Do you have other ways of using this combination of ink and watercolour?  Do you have a favourite medium to use in your sketchbooking?  I would love to hear about it and give it a try.

To learn about other sketchbooking tricks see my last posts starting here and my Plein Air Adventure Page.

I have a few more tricks to share on sketchbooking.  Next week's post MAKING IT YOURS. Really personalizing your best friend, you sketchbook.  

For Commission Works see here
For Private Drawing Lessons see here
For Marketing Mentoring see here
For Marketing or Art Presentations Contact Wendy 

 Be sure to like and share my posts. You won't miss a single one if you follow by email or Like my Facebook Page. Keep up with all the art events by joining my email list (see sidebar) Have a great artful day, Wendy

Thursday, May 5, 2016

Get out of the Studio! - Plein Air and Drawing Tips for Sketchbooks

NEW WORKS FROM THE STUDIO OF ART BY WENDY

Grab your stuff and shut the door! Time to work from life.


Heron on the River- ink, pencil and watercolour pencil (dry)


Don't get me wrong, I am love my studio and on a wet, gray winter day it is my favourite place to be.  But now the temperatures are rising and the days are longer, it is time to be outside.  Hiking, canoeing, camping and sightseeing are awesome activities to inspire you.  With camera and sketchbook you can the capture the light, excitement and memories forever.  I guarantee, any drawing or painting you do on the spot creates a lasting memory of the moment.  The wonder, the smells, the emotions are stored up in that picture. 
Okay, you are thinking "I can't draw.  It takes too long, my partners won't wait for me.  I can't . . . . "

It is easy to come up with the "I can't's".  However, I am not talking about creating a masterpiece.  (Although, you will be surprised what you can create in a very short time)  Your sketchbook is your friend.  It is not judgemental, very forgiving and waiting there just for you. 

But to be successful you must be prepare.

To really get into the sketchbook habit means you must be VERY portable. For 'masterpiece'  plein air painting you need a car load of paints and brushes but your sketchbook puts you on easy street. Small pack, minimum materials, smaller format - ready when you are. It doesn't have to be limiting. My last two posts have talked about several different mediums one wet and one dry that are light and portable.  Today is both: wet and dry.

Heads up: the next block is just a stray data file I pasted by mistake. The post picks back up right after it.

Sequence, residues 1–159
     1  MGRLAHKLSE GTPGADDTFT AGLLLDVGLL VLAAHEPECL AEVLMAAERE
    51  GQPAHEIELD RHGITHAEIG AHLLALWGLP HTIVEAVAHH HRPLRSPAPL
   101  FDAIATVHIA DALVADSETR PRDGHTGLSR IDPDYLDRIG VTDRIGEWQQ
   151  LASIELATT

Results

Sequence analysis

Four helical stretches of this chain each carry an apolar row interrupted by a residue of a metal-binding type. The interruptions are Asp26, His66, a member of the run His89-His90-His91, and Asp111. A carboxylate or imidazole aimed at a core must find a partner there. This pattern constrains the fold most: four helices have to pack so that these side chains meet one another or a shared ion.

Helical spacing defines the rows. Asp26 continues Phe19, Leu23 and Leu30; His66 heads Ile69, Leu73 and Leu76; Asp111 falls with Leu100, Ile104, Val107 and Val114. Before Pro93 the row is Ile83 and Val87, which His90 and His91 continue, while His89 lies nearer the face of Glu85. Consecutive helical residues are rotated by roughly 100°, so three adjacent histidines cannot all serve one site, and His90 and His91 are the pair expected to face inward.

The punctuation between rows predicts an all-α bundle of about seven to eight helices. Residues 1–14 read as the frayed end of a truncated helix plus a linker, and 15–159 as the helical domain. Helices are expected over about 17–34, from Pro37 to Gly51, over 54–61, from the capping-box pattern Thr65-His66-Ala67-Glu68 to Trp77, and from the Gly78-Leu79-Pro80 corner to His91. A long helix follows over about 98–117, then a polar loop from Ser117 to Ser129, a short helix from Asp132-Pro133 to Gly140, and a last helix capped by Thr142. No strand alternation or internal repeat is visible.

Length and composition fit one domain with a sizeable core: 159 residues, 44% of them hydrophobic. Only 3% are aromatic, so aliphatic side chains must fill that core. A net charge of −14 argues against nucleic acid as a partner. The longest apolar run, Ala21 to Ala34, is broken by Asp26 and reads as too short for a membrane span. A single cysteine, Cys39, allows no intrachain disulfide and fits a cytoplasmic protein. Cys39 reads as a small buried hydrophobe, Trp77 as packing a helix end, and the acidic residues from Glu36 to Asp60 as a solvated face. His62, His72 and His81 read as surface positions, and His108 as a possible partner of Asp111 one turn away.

Fishing Shack on the Newfoundland Coast - Ink and Watercolour (wet) 

Watercolour pencils.  The secret ingredient.  They are can be used dry, like a coloured pencil or touched up with water to give them a whole new life.  They can be used straight or mixed to get endless colours.  They can also be mixed with ink.  You just knew I was going to get that ink in there somehow.  Here again, you can take a bucket load of supplies but I recommend you Keep It Simple.  A warm and cold blue, yellow, red and a black.  A 03 Pigma Micron pen (or any other permanent ink pen), a 2 B pencil, kneaded eraser, pencil sharpener and a water filled watercolour brush.  This can fit in a small bag with a sketchbook.

 My pocket sketchbooks. I got tired of trying to find a one size fits all so made my own.  They will hold all your supplies and more.  Best of all they fit in a large zip lock back for quick dry storage in your pack.  See them here.

Endless combinations are possible with this little pack.  Pencil and ink, pencil, ink and coloured pencil, ink and coloured pencil, and pencil and colour.  The watercolour pencils are very versatile, smooth value changes wet and rough texture when dry.  They invite you to mix colours as glazing and laying are so easy to do.
Detail from Fishing Shack on the Newfoundland Coast - notice the rich blend of colours using several layers of watercolour pencils and the rich, deep dark with the ink work underneath.  (I really love the combination.  But I know I am that crazy ink loving person!)

An added a bonus with the watercolour pencils, to speed things up you can get your sketch together, add the colour and later go back with a wet brush to finish things up. Your traveling companions with be amazed at what you can do in 15 or 20 minutes!!


Humming Birds at the Feeder - watercoloured pencils (dry)

Time to sketch, grab your friendly book and get on your way.

Do you have a favourite medium or practice for sketchbooking in the summer? I enjoy my books and I would love to give it a try.  My books are always crying out for new projects.

Looking for a starting point?  I will be happy to set you up.  Call me now and set up a few lessons to get you on the road to a summer of fun with your art. Your sketchbook will soon be full of great memories and inspiration for the winter. 

I have a few more tricks to share on sketchbooking.  Next week's post is a guaranteed minimalist approach but has lots of colour and life.  It often becomes a crossover too. (Definition of Crossover: it moves into the masterpiece section and ends up being sold.)

For Commission Works see here
For Private Drawing Lessons see here
For Marketing Mentoring see here
For Marketing or Art Presentations Contact Wendy 

 Be sure to like and share my posts. You won't miss a single one if you follow by email or Like my Facebook Page.
 Keep up with all the art events by joining my email list (see sidebar)
Have a great artful day, Wendy